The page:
Post date: 11/14/2019

The U.S. Department of Agriculture is providing some long-awaited regulatory clarity on the production, distribution and sale of hemp products. It published an interim set of rules on October 31 that remains in effect until 2021, whereupon the rules are expected to be adopted in final form, with possible amendments.

According to industry observers, USDA was under pressure to publish the regulations to provide farmers time to prepare for the 2020 growing season.

Hemp had long been classified as a prohibited substance under the federal Controlled Substances Act, the same as marijuana and other cannabis plants. But that changed with enactment of the 2018 Farm Bill, which reclassified hemp as a commodity, not unlike corn and soybeans. The legislation doesn’t allow folks to grow hemp as freely as they do corn or soybeans, however. Rather it calls for regulatory structure around the cultivation, distribution and sale of hemp products. “This will be a highly regulated crop in the United States for both personal and industrial production,” the Brookings Institute noted in a report.

State agriculture departments are expected to implement their own regulations around hemp production in their jurisdictions. USDA’s regulations are intended to support interstate transport of hemp products, as well as to provide a uniform national framework for state regulations. In the event that states fail to implement hemp regulations for their jurisdictions, USDA’s rules apply.

“Once state and tribal plans are in place, hemp producers will be eligible for a number of USDA programs, including insurance coverage,” USDA said in a statement.

The Food and Drug Administration also has asserted regulatory jurisdiction over the use of CBD (derived from hemp as well as other cannabis plants) in food and beverages. It held preliminary hearings on the matter earlier this year, but has yet to publish any proposed regulations.

Publication of the USDA interim rules has been well received, generally. “The USDA interim rule is an important first step to ending uncertainty for farmers, and I now look forward to reviewing the rule and working with the USDA and FDA to ensure farmers in Oregon and nationwide can fully realize this crop’s economic job-creating potential,” said Senator Ron Wyden (D-OR), author of the hemp provisions in the 2018 Farm Bill.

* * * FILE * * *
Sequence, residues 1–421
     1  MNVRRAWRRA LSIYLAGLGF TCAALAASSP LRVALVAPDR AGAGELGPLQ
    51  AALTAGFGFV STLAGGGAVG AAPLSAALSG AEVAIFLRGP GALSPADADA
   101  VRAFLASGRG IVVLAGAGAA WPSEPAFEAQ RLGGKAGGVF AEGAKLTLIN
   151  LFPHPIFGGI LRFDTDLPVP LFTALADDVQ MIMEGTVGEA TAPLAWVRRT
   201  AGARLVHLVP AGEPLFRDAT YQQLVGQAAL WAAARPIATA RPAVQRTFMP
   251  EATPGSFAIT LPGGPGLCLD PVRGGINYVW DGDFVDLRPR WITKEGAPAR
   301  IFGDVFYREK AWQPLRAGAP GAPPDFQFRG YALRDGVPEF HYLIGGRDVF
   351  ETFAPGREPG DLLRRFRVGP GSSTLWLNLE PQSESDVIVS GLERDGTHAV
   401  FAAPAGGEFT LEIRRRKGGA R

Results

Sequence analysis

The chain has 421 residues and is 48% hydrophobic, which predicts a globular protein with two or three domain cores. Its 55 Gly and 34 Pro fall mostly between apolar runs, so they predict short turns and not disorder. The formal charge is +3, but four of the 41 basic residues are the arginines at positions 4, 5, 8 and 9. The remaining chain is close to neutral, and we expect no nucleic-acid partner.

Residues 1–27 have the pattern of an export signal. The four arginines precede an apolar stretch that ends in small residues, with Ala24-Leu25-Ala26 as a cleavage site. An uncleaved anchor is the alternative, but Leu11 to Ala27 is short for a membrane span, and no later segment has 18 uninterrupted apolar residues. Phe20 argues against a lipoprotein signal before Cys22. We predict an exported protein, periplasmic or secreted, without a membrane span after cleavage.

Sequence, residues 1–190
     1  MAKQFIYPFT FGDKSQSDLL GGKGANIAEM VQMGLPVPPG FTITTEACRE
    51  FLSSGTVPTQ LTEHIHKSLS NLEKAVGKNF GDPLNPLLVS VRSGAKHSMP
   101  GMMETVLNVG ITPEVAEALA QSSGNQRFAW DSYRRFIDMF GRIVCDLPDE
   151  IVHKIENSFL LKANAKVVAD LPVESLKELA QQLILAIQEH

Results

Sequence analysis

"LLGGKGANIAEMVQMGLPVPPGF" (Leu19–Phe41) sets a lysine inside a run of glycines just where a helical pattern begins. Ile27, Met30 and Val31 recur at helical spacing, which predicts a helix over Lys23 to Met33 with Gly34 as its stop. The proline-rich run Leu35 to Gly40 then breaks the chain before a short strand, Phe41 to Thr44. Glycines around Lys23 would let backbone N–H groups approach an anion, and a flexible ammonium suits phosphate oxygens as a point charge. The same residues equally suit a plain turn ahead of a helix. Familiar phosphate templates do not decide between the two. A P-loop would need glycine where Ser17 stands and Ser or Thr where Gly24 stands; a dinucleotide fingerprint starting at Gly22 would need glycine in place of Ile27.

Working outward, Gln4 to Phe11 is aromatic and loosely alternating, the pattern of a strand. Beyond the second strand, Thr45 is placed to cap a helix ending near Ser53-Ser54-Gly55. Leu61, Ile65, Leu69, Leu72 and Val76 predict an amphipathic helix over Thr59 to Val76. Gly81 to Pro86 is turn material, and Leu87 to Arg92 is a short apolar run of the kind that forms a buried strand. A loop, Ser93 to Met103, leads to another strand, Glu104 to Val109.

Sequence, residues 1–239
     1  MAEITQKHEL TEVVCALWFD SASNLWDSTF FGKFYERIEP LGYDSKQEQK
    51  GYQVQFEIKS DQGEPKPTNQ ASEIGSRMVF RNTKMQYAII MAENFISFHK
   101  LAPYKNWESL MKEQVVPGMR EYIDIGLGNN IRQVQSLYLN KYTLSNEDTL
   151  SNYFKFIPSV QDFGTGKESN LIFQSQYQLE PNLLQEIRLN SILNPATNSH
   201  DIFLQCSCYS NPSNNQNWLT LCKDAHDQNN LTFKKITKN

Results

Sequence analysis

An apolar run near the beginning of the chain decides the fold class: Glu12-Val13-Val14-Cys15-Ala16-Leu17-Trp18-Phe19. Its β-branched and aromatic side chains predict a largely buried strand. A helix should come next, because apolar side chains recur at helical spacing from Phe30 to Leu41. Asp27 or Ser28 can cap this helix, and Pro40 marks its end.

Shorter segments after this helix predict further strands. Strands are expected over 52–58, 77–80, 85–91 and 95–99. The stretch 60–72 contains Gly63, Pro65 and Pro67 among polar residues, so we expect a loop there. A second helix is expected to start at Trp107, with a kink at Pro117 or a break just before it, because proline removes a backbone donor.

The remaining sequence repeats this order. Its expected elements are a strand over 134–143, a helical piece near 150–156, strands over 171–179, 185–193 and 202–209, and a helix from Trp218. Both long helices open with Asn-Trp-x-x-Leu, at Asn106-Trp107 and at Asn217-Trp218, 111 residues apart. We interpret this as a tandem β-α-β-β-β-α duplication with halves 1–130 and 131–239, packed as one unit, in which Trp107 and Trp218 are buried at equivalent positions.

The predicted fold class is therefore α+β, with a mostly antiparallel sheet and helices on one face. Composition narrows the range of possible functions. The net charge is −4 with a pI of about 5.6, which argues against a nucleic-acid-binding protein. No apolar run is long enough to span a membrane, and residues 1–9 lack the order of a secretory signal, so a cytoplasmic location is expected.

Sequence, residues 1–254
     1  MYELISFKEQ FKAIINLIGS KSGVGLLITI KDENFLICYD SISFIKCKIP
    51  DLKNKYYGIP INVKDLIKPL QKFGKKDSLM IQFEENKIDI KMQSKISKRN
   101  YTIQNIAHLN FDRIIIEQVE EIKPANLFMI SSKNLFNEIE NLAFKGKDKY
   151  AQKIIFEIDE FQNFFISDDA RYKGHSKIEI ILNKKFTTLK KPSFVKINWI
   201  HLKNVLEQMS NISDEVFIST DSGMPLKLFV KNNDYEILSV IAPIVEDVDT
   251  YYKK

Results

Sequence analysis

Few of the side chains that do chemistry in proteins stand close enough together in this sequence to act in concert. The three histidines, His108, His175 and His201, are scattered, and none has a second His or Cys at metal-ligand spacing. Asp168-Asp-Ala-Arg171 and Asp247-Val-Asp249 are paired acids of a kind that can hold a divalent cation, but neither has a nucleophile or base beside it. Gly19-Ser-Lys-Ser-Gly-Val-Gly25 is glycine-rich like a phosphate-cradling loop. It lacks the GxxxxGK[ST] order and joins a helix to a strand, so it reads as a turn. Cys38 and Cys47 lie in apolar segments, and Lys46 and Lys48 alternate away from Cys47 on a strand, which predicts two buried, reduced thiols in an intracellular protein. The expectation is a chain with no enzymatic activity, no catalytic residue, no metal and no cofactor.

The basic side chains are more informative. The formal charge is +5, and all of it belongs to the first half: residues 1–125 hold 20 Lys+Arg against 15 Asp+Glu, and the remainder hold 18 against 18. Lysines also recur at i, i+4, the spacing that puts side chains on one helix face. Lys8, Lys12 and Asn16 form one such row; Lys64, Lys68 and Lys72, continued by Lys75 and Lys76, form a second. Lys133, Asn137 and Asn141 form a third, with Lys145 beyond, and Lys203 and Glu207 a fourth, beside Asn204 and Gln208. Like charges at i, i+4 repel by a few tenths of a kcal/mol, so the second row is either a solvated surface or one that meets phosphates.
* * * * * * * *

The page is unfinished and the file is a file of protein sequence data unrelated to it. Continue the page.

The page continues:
“While these rules are not perfect, it’s undoubtedly progress and provides a framework for the next phase of the legal hemp industry,” said Shawn Hauser, Partner and Chair of the Hemp and Cannabinioids Practice Group at the law firm Vicente Sederberg LLP.

Hauser and her colleagues, in a published brief, highlighted some potential problems with the new regulations, including a requirement they likened to “a throwback to prohibition and reefer madness,” namely that all hemp testing labs must be registered with the federal Drug Enforcement Agency. “USDA is also considering adding a DEA approval requirement for labs testing hemp,” the brief noted. “Most testing labs currently testing hemp do not have a DEA registration.”

Another potential problem: testing samples must be collected by designated third-party samplers (e.g. approved labs or law enforcement agencies) within 15 days prior to harvest. “This will potentially require state departments of agriculture to stop sampling hemp crops unless they are included as authorized third parties,” the brief noted.

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